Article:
Film Review: Men, Women and Children

So Jason Reitman hates the internet. Who would have guessed it, right? That is the impression we 20141214-185710.jpgget from watching the Juno director’s latest theatrical outing, Men, Women and Children, a scathing look at the impact social media and the World Wide Web has on our lives. Based on Chad Kultgen’s book of the same name, the Adam Sandler-starring downer-fest is an exaggerated social critique which will intrigue, creep, and most definitely bum you out.

The family dynamics of a handful of middle class American families are given a cinematic examination as we witness how technology has impacted upon their lives and the way they interact with one another, resulting in always predictable, sometimes entertaining, and occasionally disturbing, results. The usual stereotypes – the horny dad (Sandler), the lonely wife (Rosemarie Dewitt as Sandler’s wife, Helen), the over-protective mother (Jennifer Garner), and the confused teenager (Ansel Elgort) – all come out to play, as we see how the parents and their teenage kids deal with their day-to-day problems in today’s interactive world through watching porn, ordering Escorts, and playing virtual reality games.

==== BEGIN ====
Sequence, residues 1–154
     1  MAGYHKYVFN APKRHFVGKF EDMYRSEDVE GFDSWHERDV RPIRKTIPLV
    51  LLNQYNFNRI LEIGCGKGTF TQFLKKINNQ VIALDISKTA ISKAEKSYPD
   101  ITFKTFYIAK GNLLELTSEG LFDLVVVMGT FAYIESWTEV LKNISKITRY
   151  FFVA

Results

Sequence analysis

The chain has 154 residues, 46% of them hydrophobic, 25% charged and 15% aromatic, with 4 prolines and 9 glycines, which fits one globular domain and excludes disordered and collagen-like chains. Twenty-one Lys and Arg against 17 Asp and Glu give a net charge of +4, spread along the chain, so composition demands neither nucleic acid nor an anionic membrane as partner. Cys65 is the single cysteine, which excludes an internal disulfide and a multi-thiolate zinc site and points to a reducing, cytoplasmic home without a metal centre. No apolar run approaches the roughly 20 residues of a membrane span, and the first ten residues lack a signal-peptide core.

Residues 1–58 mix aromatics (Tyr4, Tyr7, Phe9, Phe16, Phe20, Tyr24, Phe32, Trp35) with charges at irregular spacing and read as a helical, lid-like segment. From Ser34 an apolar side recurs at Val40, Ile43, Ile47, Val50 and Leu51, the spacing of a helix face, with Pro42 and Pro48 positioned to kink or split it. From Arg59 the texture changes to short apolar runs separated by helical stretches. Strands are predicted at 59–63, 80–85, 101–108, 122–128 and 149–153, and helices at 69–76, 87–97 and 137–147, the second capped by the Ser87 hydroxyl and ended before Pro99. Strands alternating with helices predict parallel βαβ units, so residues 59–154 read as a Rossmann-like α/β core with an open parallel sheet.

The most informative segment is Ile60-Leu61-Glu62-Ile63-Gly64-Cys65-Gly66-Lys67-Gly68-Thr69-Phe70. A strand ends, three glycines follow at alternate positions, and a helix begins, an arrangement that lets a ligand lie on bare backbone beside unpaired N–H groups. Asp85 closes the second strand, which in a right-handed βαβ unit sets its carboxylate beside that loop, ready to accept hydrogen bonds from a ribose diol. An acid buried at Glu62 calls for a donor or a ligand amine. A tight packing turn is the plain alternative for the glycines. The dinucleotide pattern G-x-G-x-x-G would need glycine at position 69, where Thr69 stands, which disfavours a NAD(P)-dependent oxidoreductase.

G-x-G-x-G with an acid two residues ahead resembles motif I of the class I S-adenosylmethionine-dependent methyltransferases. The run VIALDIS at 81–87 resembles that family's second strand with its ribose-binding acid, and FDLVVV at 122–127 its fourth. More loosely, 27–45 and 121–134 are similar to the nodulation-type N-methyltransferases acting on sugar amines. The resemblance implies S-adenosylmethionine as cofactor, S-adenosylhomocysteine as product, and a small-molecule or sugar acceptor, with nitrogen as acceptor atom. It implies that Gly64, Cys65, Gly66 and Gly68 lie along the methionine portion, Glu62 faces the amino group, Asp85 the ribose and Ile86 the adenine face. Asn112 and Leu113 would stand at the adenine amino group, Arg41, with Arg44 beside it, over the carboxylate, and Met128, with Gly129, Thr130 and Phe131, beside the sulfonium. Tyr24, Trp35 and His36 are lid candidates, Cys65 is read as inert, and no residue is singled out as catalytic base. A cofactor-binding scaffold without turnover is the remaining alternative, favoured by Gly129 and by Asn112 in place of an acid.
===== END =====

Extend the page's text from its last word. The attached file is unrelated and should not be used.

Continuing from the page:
The ever-charming Emma Thompson provided narration for the film, offering a comforting, yet somewhat out of place, distraction from Reitman taking a hacksaw to the web. Garner’s Patricia Beltmeyer, with her permanent scowl and mobile phone in hand, summed up the films ridiculous sense of over-the-top paranoia with her portrayal of the control freak mum who won’t let her teenage daughter, Brandy (Kaitlyn Dever), have any sort of social life by constantly checking (and deleting) her internet and text history.

There is no denying that Reitman’s film tells us all a few home truths; the internet can be a dangerous place – in many different ways – for us all, and its influence on society has been second to none. Its depiction of the social pressures surrounding the teens in the film (Elgort, Dever, et al.) ring especially true. It goes without saying, however, that the internet can also be a power for good, despite the issues raised in the film, .

Men, Women and Children may raise some interesting social questions, but its depressing tone, not just in its portrayal of technology, but its characters and the lives they are leading, will leave you with a real sinking feeling. The moral of the story: never use the internet, again.

5.5/10

About MJ (327 Articles)
Films, football and cookies.

1 Comment on Film Review: Men, Women and Children

  1. Wasn’t perfect at all, but when it worked, I found it quite effective. Wish it was like that the whole time though. Good review.

    Like

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